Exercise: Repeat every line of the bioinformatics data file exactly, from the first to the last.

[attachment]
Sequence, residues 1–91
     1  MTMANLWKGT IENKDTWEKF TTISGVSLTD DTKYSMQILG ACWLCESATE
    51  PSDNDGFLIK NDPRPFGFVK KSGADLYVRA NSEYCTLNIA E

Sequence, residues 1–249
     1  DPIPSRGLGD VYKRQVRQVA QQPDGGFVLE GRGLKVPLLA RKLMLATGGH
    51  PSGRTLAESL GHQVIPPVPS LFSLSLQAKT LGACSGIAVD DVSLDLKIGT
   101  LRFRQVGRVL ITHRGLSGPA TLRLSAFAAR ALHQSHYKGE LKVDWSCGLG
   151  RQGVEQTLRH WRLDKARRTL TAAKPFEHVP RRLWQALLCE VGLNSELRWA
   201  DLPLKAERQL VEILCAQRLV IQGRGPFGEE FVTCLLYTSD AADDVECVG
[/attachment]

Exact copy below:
Sequence, residues 1–91
     1  MTMANLWKGT IENKDTWEKF TTISGVSLTD DTKYSMQILG ACWLCESATE
    51  PSDNDGFLIK NDPRPFGFVK KSGADLYVRA NSEYCTLNIA E

Sequence, residues 1–249
     1  DPIPSRGLGD VYKRQVRQVA QQPDGGFVLE GRGLKVPLLA RKLMLATGGH
    51  PSGRTLAESL GHQVIPPVPS LFSLSLQAKT LGACSGIAVD DVSLDLKIGT
   101  LRFRQVGRVL ITHRGLSGPA TLRLSAFAAR ALHQSHYKGE LKVDWSCGLG
   151  RQGVEQTLRH WRLDKARRTL TAAKPFEHVP RRLWQALLCE VGLNSELRWA
   201  DLPLKAERQL VEILCAQRLV IQGRGPFGEE FVTCLLYTSD AADDVECVG